Few medico-legal matters have generated as much controversy—both in the medical literature and in the courtroom—as Shaken Baby Syndrome (SBS), now known more broadly as Abusive Head Trauma (AHT). The controversies are of enormous significance in the law because child abuse pediatricians claim, on the basis of a few non-specific medical findings supported by a weak and methodologically flawed research base, to be able to “diagnose” child abuse, and thereby to provide all of the evidence necessary to satisfy all of the legal elements for criminal prosecution (or removal of children from their parents). It is a matter, therefore, in which medical opinion claims to fully occupy the legal field. As controversies flare up increasingly in the legal arena, child abuse pediatricians and prosecutors now respond by claiming both that there is actually no real controversy about SBS/AHT, and that it is a purely medical “diagnosis” and not a legal conclusion, so testimony in support of the SBS hypothesis should not be challenged in court. This article, coauthored by four law professors, two physicians, and a physicist, demonstrates that there is very much a live controversy about the SBS/AHT hypothesis and maintains that, under traditional principles of evidence law, physicians should not be permitted to “diagnose” abuse in court (as opposed to identifying specific symptoms or medical findings).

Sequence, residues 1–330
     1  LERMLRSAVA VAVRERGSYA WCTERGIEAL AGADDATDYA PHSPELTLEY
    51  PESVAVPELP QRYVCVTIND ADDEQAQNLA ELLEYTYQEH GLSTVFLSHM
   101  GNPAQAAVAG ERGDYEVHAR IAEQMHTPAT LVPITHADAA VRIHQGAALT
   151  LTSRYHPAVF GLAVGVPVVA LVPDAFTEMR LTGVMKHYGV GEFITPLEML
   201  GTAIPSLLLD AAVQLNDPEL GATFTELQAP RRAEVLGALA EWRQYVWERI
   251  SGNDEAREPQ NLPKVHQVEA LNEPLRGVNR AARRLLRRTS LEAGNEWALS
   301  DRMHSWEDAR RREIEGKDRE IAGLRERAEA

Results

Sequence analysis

Dairy Farms and H-2A Harms: How Present Immigration Policy is Hurting Wisconsin and Immigrant Workers
by Julia Jagow